The re­cent pol­icy pro­grammes, in­clud­ing the Ninth Five Year Plan and Tan­feedh, aim at eco­nomic diver­si­fi­ca­tion with ex­panded par­tic­i­pa­tion of the pri­vate sec­tor, and gen­er­at­ing enough ad­di­tional em­ploy­ment op­por­tu­ni­ties in Oman. The em­ploy­ment gen­er­a­tion in the pub­lic sec­tor re­mained sub­dued and grew by 1.6 per cent in 2015 with em­ploy­ment of Oma­nis in­creas­ing by 0.9 per cent. The share of Oma­nis in the pub­lic sec­tor em­ploy­ment, how­ever, con­tin­ued to re­main at around 85 per cent. On the other hand, the em­ploy­ment of Oma­nis in the pri­vate sec­tor grew by 6.4 per cent in 2016.

In­fla­tion­ary pres­sure in Oman is largely con­di­tioned by gov­ern­ment spend­ing, in­ter­na­tional prices, and the move­ment of US dol­lar due to the peg­ging of Omani rial. Notwith­stand­ing the de­cline in gov­ern­ment ex­pen­di­ture, the av­er­age in­fla­tion based on CPI for the sul­tanate in­creased to 1.1 per cent dur­ing 2016 from 0.1 per cent in 2015 mainly due to the re­cov­ery in in­ter­na­tional com­mod­ity prices, and in­crease in en­ergy prices and other user fees and charges. Nev­er­the­less, the con­sumer in­fla­tion in Oman com­pares favourably with that of Gulf Co­op­er­a­tion Coun­cil (GCC) coun- tries which is pro­jected to rise to 3.5 per cent in 2017 from 2.9 per cent in 2016. Both de­mand and sup­ply side fac­tors em­a­nat­ing from do­mes­tic as well as ex­ter­nal sources have im­pacted the price level in Oman.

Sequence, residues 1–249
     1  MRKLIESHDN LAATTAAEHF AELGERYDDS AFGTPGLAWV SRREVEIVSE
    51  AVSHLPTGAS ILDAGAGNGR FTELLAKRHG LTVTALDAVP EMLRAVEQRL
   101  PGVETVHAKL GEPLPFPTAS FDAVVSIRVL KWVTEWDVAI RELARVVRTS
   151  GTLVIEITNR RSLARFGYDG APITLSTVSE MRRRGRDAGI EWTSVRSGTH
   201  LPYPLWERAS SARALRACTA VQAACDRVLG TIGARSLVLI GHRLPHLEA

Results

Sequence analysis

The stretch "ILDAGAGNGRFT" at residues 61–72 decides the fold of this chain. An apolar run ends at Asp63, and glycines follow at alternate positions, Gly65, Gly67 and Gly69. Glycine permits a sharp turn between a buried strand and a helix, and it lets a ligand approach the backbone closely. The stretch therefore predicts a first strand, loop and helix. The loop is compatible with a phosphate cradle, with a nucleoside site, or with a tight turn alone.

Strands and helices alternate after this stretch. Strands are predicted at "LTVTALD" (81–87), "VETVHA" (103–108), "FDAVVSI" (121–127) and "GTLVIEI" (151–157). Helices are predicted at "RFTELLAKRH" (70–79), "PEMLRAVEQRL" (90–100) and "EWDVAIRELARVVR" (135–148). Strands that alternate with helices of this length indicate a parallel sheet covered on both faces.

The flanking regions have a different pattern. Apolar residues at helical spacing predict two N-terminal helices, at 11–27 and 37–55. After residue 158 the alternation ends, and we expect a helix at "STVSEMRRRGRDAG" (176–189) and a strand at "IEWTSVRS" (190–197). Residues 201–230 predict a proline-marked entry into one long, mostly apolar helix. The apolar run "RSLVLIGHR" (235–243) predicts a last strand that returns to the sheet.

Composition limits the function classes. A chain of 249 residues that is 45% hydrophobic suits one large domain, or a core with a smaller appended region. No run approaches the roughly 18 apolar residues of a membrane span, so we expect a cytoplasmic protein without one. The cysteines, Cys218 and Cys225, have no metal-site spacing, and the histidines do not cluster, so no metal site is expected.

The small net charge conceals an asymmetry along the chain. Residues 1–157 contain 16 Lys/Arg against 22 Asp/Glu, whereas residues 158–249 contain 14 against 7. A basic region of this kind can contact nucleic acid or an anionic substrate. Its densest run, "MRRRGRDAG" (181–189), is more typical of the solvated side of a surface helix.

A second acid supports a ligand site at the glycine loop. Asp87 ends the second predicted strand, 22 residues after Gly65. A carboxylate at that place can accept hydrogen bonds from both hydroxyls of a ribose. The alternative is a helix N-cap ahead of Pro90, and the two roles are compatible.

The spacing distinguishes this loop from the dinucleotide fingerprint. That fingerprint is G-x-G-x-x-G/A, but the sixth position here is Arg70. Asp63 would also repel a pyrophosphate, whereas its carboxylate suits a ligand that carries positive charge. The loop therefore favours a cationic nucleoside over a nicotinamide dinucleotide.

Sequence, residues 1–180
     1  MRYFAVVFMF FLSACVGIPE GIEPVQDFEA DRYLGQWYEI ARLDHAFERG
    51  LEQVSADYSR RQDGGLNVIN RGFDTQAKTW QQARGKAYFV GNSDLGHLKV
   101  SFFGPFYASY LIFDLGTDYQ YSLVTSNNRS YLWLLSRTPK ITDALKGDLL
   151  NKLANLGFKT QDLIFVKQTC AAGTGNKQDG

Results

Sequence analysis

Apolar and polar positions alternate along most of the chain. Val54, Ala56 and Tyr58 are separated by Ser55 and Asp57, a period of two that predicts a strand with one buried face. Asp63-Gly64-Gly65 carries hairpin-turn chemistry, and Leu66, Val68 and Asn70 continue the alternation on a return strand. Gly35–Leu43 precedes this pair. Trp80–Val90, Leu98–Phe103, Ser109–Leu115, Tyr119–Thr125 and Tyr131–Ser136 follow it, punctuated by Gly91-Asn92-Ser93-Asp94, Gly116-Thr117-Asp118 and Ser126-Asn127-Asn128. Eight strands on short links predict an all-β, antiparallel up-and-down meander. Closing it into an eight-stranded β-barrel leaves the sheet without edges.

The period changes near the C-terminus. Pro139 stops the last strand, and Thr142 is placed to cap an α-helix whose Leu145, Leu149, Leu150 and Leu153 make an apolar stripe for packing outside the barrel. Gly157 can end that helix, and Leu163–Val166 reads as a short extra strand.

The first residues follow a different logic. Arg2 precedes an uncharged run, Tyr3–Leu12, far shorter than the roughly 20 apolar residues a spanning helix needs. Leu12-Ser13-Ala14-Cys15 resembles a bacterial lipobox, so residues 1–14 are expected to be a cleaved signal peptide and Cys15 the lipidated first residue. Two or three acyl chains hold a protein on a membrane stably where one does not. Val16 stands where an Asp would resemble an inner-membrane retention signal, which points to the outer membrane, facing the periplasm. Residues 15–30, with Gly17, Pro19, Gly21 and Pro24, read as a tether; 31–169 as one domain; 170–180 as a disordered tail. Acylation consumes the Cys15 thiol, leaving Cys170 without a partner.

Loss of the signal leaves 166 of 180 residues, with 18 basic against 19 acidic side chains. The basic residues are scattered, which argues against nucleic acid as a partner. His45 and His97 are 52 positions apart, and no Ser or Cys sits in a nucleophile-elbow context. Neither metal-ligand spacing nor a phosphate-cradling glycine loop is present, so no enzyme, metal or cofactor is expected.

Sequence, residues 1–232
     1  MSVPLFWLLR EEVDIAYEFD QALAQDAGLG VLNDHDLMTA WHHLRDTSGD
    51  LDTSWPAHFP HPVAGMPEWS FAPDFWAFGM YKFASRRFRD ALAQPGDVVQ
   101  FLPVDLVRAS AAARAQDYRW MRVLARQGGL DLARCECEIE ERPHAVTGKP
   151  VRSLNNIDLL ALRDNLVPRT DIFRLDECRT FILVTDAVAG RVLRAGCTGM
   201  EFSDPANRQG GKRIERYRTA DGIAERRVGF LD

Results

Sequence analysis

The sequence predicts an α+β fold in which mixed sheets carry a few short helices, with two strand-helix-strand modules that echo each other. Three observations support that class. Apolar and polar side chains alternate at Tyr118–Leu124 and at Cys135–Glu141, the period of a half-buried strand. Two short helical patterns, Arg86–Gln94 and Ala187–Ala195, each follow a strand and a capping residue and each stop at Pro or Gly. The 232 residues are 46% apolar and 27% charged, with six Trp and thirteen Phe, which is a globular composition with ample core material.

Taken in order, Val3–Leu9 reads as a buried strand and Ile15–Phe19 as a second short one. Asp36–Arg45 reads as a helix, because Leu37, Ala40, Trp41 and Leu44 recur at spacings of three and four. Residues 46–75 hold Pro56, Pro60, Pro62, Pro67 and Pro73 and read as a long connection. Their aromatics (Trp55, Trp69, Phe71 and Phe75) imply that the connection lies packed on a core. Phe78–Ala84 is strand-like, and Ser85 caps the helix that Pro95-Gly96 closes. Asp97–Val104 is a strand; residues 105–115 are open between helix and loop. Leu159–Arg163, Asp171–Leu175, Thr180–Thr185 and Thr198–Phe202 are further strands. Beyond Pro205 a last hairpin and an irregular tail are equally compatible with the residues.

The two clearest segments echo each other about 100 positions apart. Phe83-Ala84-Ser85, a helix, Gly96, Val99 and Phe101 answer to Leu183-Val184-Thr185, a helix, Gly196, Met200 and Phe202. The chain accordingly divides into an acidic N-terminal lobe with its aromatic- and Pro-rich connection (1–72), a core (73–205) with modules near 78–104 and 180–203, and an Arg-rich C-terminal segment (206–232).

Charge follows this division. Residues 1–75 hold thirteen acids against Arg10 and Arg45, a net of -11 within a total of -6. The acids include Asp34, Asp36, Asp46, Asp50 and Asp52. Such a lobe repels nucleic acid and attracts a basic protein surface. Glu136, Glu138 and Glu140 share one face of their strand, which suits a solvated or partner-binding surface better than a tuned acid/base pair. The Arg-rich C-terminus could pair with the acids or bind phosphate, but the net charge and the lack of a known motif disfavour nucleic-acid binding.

Af­ter plung­ing sig­nif­i­cantly in Jan­uary 2016, in­ter­na­tional oil prices re­cov­ered sub­se­quently but con­tin­ued to be at the lower level and af­fected the oil ex­port­ing coun­tries ad­versely, in­clud­ing Oman. Nonethe­less, the hy­dro­car­bon sec­tor re­mained the main­stay of the Omani econ­omy with its con­tri­bu­tion to nom­i­nal GDP at 27.4 per cent in 2016.

Sharp de­cline in crude oil prices